A dog’s intuition is always on the nose. Its undiscriminating loyalty and aptitude for reading human emotions are the reasons we are wooed into a life-long friendship. However, despite our best efforts, sniffing out the intention of our furry pals has remained a perennial struggle. Is our dog happy? Is she plotting our undoing in retaliation for fostering a machine that encroaches on her individual space? Is that why she took the liberty to redecorate our kitchen with shreds of toilet paper? So many questions, yet the curious incident of our dog in the nighttime remains a complete mystery.
Canines are known for their boundless capacity for interspecies love. What experts have failed to inform us, however, is that their unwavering affection does not quite extend to cybernetic beings. Humans are far more predictable — getting the leash means playtime in the park; an empty seat on the sofa presents an opportunity for snuggles. Any delicious smell that emanates from the kitchen is an invitation to a meal they can reasonably expect to share. For the reasons above, can you blame them for creating new holes in your socks when a foreign gizmo threatens to swallow every crumb on the floor and deny them the chance of a snack?
If the Samsung Jet Bot AI+ was at fault, that was only because it upheld excellent work ethics. In the several weeks we spent with Jim (you can rename your robot vacuum through Samsung’s SmartThings app), it allowed us to eat our cupcakes and drop them too. It bustled to and fro tirelessly between rooms, avoiding the no-go zonas we had set when it created a fairly accurate map of our home via its LiDAR (light detection and ranging) sensor. Jim was highly independent too, as it made responsible decisions based on what it detected via a 3D sensor and nimbly navigated around obstacles to carry on its merry way. The latest digital innovations have rewired our brains to fall for distractions, but an evolved invention like Jim was too smart to get derailed by a sparkly shoe, a particularly chewy phone cord, or something as banal as a four-legged beast. Sucking (things) up is its sole life purpose.
Does the Jet Bot have a retro inclination? We had no way of finding out, but it came to life with a chime reminiscent of an old PC booting up. The 4.4kg-orb could whizz around with a low hum — albeit sans the cuteness and speed of Wall-E — for 90 minutes on a single charge. Best of all, it came with a feature once limited to vacuums almost twice its price: automatic dirt disposal. That is a fancy way of saying that the device has a command center, which traps 99.99% of fine dust via its multi-layered filtration system and sucks out the debris from your vacuum without dirtying your hands. The technology is called Air Pulse for a reason: It operates with a loud whoosh akin to a plane taking off.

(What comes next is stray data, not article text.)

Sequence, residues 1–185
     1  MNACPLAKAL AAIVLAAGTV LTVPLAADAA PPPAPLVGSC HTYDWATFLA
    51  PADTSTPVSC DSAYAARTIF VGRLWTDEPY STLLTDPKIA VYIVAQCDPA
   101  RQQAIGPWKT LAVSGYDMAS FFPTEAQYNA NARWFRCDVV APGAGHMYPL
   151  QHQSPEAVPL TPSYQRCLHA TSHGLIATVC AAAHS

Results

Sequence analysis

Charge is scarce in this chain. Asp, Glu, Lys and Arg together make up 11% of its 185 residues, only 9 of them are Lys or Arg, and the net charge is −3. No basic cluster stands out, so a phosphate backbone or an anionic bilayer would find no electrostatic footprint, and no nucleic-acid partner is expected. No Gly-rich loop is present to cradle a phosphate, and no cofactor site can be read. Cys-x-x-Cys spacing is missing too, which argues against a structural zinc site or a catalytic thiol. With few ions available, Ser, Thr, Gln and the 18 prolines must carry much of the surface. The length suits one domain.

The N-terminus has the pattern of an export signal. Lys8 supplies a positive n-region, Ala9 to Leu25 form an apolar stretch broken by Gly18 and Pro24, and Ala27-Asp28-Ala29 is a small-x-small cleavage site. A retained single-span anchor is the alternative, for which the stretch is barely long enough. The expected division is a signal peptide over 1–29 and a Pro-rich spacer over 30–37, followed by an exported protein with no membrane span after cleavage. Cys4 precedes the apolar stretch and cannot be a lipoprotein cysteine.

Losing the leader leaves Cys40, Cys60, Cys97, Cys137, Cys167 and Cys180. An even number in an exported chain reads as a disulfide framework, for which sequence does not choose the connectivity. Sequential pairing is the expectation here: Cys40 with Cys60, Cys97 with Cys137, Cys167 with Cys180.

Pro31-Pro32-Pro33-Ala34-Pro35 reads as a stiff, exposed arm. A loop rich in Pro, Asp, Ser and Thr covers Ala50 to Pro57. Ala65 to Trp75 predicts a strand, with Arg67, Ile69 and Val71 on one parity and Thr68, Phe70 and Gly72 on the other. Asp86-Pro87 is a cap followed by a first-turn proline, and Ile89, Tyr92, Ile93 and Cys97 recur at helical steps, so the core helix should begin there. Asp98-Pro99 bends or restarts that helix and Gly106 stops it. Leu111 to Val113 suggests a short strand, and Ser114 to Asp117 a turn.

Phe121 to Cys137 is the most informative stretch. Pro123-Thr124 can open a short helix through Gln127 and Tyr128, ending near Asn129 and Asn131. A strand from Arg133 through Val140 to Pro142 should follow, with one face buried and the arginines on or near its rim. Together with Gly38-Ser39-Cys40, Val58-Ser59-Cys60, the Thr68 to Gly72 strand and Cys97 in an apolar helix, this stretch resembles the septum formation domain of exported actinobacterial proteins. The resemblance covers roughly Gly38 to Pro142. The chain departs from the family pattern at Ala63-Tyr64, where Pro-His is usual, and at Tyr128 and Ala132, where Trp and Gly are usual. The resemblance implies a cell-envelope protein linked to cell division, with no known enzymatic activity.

Owning an automated sidekick means you no longer need to walk a vacuum cleaner by the hose like a puppy. The Jet Bot is equipped with brushes made from anti-static fibers, with self-cleaning extractors to avoid tangles. Plus, not only does it avoid wheel marks on a fluffed-up carpet, but it also automatically adjusts its suction power without bruising your floor, whether it is hardwood, tile, or marble. The Samsung contraption is not like most vacuums, whose most perverse (or some say satisfying) design is to let you see the dust you have collected in their opaque chamber. The Jet Bot hides all the dirt — including the shame and horrifying truth about your sloppiness at housework — within its solid and stoic exterior.
But before you spiral into a bundle of guilt, the Jet Bot is not entirely perfect too. Jim made a valiant bid for freedom when it almost toppled down a flight of stairs and hopelessly trapped itself between the bookshelf and TV console a couple of times. Its Jet Cyclone technology, which pulls dust into the dustbin and reduces potential clogs, is a wonderful promise, only if you do not live with a golden retriever that sheds all the time. Hoping for any vacuum robot to sweep the tight edges of a cupboard or maneuver seamlessly around a labyrinth of chair legs is too far-fetched — that miracle has yet to arrive. But even when we made a special effort to keep things off the floor, spools of dog fur were misdiagnosed as roadblocks, which prevented the space from being cleaned.
To be fair, we do not expect artificial intelligence to navigate with the same precision our human mind can with a handheld vacuum, but it should not make a bigger mess than the one it was supposed to clean up. Having said that, the Jet Bot triumphed in areas such as scheduling cleaning sessions or spying on our pets and their shenanigans via the front camera that can live stream real-time video. For a robot helper that can maintain a perceivable level of cleanliness, self-empty its gunk, co-exist with a hyperactive dog and tidy up after everybody, the zealous Jet Bot sounds like a peaceful addition to a busy family always on the go. That is until it meets its true match: the territorial house cat.